Million-Dollar Mission

If you live in Western Wake, chances are you’ve heard about Anna’s Angels, the nonprofit raising funds for Down syndrome research. But behind the scenes of the nonprofit is one woman’s million-dollar mission, and Cary Magazine has her story:  

Michelle Pfeiffer downplays her own role in the success of the nonprofit she founded and directs, Anna’s Angels, as she thanks her community of supporters again and again — but it’s clear that her hard work makes things happen.  

“Every day I’m working on Anna’s Angels,” Pfeiffer said. “I would say it’s part-time because my kiddos always come first, but I don’t put it away. Weekends I’ll do stuff, at night I’ll do stuff. So although I’m not in the office from 9 to 5, it’s constant.”

That hard work has paid off.

Anna’s Angels has raised more than $1 million for Down syndrome research and treatment at Duke Children’s Hospital. That support has funded infrastructure which includes a data registry and tissue repository (Biobank) at Duke. The nonprofit also provides a support network for parents, family members and friends of individuals with Down syndrome.

Pfeiffer recalls searching for a similar community and for vital information after her second child, Anna, was born in June 2001 with Down syndrome.

“So I was reading about Down syndrome,” she said, “and even though it was only 12 years ago there wasn’t a lot out there.”

There were fewer answers to her questions the following year when Anna was diagnosed with Acute Myeloid Leukemia (AML), a type of cancer more prevalent in people with Down syndrome. Pfeiffer, who had left a job as senior manager at MCI, knew then that she needed to do something to help.

With encouragement from Dr. Philip Rosoff, director of clinical ethics and former chief oncologist at Duke Children’s Hospital, Pfeiffer and her husband, Andrew Merrills, began Anna’s Angels in November 2003, with the modest goal of raising $5,000, enough to launch a single research study.

“When I started I can’t say I really knew that it was going to be successful, and who was going to come to events that we had,” Pfeiffer said. “I just felt like something had to be done.”
That first year, the group raised $15,000. Ten years later, at the group’s 2013 gala at Prestonwood Country Club, Anna’s Angels passed the $1 million mark.

“We definitely savored it,” Pfeiffer said, “but so much of it went back out as thank you, thank you, thank you to the community, because it never would have happened without this wonderful community.”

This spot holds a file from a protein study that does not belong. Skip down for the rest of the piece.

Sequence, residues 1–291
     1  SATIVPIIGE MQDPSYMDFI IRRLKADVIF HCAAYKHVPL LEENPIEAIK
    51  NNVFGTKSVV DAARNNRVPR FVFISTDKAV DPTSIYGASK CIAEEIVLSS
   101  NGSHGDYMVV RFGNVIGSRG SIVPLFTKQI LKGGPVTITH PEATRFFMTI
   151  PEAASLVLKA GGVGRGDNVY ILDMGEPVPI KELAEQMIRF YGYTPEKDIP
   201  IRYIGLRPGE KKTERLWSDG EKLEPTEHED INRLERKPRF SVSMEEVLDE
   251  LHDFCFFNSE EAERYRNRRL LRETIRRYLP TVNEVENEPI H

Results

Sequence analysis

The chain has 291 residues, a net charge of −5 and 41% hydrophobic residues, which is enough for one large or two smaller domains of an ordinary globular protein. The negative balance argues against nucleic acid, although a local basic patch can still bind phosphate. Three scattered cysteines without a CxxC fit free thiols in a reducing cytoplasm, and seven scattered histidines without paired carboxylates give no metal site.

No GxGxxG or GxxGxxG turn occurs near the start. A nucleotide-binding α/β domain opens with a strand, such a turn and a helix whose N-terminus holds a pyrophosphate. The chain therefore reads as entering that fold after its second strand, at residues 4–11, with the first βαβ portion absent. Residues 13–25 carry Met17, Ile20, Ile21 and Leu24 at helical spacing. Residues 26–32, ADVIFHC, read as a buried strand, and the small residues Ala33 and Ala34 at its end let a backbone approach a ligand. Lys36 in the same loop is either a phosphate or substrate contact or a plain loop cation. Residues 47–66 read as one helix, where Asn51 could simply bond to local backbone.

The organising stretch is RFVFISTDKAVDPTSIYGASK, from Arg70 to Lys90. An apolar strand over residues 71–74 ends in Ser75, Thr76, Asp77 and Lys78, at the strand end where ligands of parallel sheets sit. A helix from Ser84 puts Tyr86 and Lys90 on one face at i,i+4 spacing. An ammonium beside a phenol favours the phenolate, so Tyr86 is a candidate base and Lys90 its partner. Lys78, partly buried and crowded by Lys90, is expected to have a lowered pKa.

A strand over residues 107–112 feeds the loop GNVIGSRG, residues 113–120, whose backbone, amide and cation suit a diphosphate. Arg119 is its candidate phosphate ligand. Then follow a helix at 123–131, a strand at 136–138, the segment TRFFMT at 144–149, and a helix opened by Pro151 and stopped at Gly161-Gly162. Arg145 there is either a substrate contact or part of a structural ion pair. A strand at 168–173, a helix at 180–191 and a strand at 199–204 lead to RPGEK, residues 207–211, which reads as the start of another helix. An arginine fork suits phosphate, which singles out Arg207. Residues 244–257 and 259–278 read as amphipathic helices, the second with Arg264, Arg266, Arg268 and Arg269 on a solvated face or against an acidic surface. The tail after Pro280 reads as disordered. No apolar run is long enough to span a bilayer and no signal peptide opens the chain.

One of the gala’s highlights was “Glee” actress Lauren Potter’s appearance. Potter has Down syndrome.

Longtime donors and supporters make these fundraisers possible, but Pfeiffer also credits a lesson from the business world.

“I feel like we have to say what we’re doing and show that we’re making a difference,” she said. “We have to continue to produce, just like a profitable company. You have to keep your shareholders happy, and I think at a nonprofit, you have to show your funders what you’re doing.”

There should be plenty to show donors in the coming years. Pfeiffer is especially excited about a speech therapy study, led by Dr. Harrison Jones at Duke Children’s Hospital. And although it isn’t funded by her group, Pfeiffer is also encouraged by a Roche pharmaceutical study that could improve cognition in individuals with Down syndrome.

“The communication project that Dr. (Jones) is doing is really exciting to me, because if we can help their communication, it will really help them in the community, whether we bump their IQ up or not. … If you don’t have that communication, then you’re sort of discarded,” Pfeiffer said.

These projects fit with the long-term mission of Anna’s Angels: to improve the cognitive and communicative abilities of individuals with Down syndrome.

“If we can get them to communicate better, that would make me overjoyed,” Pfeiffer said.

Her ambitions for her daughter are simple, yet they are what all parents want for their children.

“I really see Anna as someone who will be out there working somewhere. She’ll be happy, she’ll have her own life,” Pfeiffer said. “When you think of special needs, you think of all the differences, but we’re really so much more alike.”

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